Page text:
5 Questions To Make Your Digital Content Better
On September 26, 2006, the modern era of marketing began. Facebook – already enjoying viral growth among academic institutions – opened its accounts up to the public for the first time.
Facebook in 2006 – opening the door to modern marketing…
A month later, in October, Google bought YouTube, making a powerful statement that the future belonged to video.
These two elements – social media, and online video – remain the fundamental building blocks of online content: the levers of all the change we’ve seen over the ten years since, across every device.
While many commentators talk about that change as the only constant worth considering, we take a different view. At the same time as staggering technological change has transformed marketing, there’s been a new and deeper understanding of the fundamentals of human decision-making – which have not changed for tens of thousands of years.
To communicate with people today, you have to understand both radical change and extreme continuity. You have to use the basic “System 1” shortcuts of human decision-making to get the most out of the myriad of new platforms, tools and features you’re confronted with on a weekly basis.
Later this month, we’ll be launching a new version of our award-winning ad testing methodology, specifically designed to test digital content. A free webinar will lay out its new capabilities and the philosophy behind it.
As a taster, here are the five questions we feel you should be asking about every piece of content you create – online and offline.
- Will this work meet long-term goals for brand growth as well as short-term activation objectives?
The measurability and precision granted by digital platforms have led to a golden age for activation: the IPA’s latest book by Peter Field, Selling Creativity Short, documents a boom in short-term activation objectives for creative work. But as it also points out, this has come at the expense of long-term goals – and it’s the long term where creative work really proves its effectiveness. Choosing between them is a false binary: you can have work that pays off in the short- and long-term, but you have to keep long-term goals in mind to get there.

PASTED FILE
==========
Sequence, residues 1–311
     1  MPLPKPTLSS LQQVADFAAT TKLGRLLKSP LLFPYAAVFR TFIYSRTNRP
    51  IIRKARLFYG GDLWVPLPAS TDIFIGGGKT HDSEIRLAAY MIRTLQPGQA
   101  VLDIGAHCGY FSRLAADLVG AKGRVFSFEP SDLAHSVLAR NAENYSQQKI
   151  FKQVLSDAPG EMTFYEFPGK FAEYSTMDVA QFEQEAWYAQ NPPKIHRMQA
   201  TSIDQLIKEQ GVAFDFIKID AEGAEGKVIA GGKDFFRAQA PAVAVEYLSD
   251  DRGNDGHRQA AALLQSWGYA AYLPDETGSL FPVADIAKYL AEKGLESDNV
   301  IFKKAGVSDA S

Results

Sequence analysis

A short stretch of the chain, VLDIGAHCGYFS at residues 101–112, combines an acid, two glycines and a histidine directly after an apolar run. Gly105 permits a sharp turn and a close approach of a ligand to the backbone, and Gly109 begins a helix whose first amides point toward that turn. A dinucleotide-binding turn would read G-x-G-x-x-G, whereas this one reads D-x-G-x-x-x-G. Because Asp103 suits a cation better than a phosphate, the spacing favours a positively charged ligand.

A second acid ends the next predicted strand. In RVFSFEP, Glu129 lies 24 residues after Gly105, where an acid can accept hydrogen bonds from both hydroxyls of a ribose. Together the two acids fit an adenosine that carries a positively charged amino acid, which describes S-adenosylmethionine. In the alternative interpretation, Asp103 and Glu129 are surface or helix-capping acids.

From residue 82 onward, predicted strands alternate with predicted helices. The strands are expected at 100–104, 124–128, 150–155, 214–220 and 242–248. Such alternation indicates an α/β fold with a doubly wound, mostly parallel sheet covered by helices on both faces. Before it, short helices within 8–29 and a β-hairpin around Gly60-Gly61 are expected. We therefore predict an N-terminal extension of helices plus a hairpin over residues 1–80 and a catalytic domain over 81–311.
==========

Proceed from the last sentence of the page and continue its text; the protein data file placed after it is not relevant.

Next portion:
- Will it complement what you’re doing in other channels?
Multi-channel work is more efficient than single channel work – at least to the point where diminishing returns set in. That doesn’t mean a one-size-fits-all approach is right – we’ve known for years that some content that shines on TV gets lost online, for instance. But there should be continuity across channels in terms of the story you’re telling and the assets you’re using (see question 5).
- Will it use high-reach digital channels?
As the work of Byron Sharp and the Ehrenberg-Bass Institute has repeatedly shown, what drives growth is increasing sales among your low-frequency and non-buyers – which means you need reach, and in most cases this should be your main concern when investing in digital. In How Brands Grow 2, Sharp and Jenni Romaniuk demonstrate that the double jeopardy effect holds for social media platforms – in other words, if someone’s using a minor social media platform, they’re probably also using Facebook. Go where the people are.
- Will it make people feel good?
Like we said above, technology changes, but the brain doesn’t. The Affect Heuristic holds online and off – if people feel more, they buy more. Positive emotion is still the primary goal of good content.
- Will it make good use of my brand’s unique assets?
Fluent mental processing of a brand relies on recognition of its unique assets – name, logo, colours and slogans, and for video content characters, sounds and situations. These should never dominate content at the expense of positive emotion, but good content makes good use of them. Online content is no exception – in fact, with the tiny margins of engagement social media sometimes delivers (a half-second’s attention on a scroll-through), deployment of these brand assets is critical.
These five questions are a checklist not just for your work, but for assessing each new technological development. If they can help you get closer to yes on the five questions, it is worth considering. If not, it may be a shiny object too far.